Principal investigator: Brian George

University: Thomas Jefferson University

Industry partner: Hemp – Alternative

Peat moss has long been utilized in a variety of agricultural and horticultural applications because it offers many desirable properties, such as air porosity and water retention capabilities. It has been used as a growing medium for mushrooms and seedlings as well as a soil amendment to alter soil properties to improve plant growth. Peat moss is a fibrous material that consists of decomposed organic materials that take many years to develop, with each inch taking approximately 15 - 25 years to form. In addition to concerns over sustainability and how fast peat reserves are replenished, there are concerns about the consequences of sourcing peat. According to a report by the Washington Post, peatlands store a third of the world’s soil carbon and the process of harvesting and using peat releases carbon dioxide. In particular, the United States is guilty of peat moss consumption, most of which is obtained from Canadian bogs.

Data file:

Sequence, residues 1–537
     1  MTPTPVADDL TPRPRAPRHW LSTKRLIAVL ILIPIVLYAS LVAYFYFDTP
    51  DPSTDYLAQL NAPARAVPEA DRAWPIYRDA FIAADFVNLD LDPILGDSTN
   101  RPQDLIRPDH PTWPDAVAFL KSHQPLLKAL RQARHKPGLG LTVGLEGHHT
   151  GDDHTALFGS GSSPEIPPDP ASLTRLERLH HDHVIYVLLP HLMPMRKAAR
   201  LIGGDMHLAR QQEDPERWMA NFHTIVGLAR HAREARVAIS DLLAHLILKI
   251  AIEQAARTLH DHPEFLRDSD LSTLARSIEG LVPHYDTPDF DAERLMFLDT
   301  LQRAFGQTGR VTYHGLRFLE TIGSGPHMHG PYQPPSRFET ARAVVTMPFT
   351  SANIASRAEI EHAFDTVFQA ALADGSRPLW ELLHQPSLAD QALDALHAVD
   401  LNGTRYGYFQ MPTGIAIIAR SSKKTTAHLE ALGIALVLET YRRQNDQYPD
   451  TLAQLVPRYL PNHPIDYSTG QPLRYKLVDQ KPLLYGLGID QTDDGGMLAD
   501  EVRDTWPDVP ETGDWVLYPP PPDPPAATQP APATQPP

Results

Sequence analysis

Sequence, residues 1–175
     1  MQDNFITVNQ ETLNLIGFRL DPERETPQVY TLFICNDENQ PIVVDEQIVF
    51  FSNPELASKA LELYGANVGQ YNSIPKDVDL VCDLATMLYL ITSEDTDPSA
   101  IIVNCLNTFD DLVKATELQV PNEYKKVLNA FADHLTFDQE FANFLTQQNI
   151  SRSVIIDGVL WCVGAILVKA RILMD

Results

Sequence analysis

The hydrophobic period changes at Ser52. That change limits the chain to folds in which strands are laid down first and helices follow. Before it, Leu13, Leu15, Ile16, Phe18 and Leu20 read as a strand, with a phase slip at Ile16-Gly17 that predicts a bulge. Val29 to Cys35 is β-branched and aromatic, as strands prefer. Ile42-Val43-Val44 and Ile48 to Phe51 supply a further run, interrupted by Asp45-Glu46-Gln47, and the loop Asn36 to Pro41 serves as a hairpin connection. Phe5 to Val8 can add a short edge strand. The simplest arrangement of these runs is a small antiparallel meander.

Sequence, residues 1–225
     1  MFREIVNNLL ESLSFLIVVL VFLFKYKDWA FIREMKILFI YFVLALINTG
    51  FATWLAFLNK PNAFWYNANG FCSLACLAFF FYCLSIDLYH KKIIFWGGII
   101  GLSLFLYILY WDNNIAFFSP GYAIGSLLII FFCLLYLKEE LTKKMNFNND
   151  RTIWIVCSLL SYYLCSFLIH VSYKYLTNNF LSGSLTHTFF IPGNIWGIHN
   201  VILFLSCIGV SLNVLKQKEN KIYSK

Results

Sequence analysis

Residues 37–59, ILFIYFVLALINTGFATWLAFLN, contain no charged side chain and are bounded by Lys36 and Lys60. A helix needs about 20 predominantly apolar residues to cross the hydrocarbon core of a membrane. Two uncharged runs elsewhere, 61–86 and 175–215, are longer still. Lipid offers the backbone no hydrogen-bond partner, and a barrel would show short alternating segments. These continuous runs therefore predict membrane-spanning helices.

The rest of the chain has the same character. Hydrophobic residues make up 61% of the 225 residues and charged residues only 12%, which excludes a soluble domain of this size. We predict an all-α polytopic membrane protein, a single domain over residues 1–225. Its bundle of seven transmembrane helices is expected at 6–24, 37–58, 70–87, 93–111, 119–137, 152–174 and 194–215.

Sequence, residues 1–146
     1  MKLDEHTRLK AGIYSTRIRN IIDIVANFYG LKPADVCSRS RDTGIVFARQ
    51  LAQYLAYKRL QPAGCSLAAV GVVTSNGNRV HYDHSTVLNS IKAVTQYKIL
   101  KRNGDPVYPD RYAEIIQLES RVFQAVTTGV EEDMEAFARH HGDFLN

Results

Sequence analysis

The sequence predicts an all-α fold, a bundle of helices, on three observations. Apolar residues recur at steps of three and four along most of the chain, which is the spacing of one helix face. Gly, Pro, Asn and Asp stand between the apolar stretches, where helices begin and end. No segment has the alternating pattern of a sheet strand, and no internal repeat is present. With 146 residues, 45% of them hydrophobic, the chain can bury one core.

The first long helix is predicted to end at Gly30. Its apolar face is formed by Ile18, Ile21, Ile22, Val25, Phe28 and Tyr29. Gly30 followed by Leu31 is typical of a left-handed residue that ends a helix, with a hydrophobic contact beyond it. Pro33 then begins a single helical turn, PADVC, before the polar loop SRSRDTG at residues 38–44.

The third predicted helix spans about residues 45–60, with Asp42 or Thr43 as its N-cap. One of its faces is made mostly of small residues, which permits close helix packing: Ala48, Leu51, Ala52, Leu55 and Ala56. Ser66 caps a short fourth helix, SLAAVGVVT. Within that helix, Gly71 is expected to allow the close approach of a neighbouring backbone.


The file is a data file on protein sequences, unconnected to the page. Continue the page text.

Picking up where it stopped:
Reducing the dependency of peat moss offers a significant positive environmental impact. A hemp-based growing medium offers the opportunity to reduce peat dependency and support a new agriculture crop that can be used in multiple sustainable products. The purpose of this project is to develop a sustainable hemp-based peat replacement for use in some of the largest Pennsylvania-based industries, such as horticulture and mushroom farming. This project will allow students to work with industry experts to develop criteria to measure hemp material against the properties of peat moss, process harvested hemp materials in a lab, and develop a proof of concept to test in a live supply chain environment.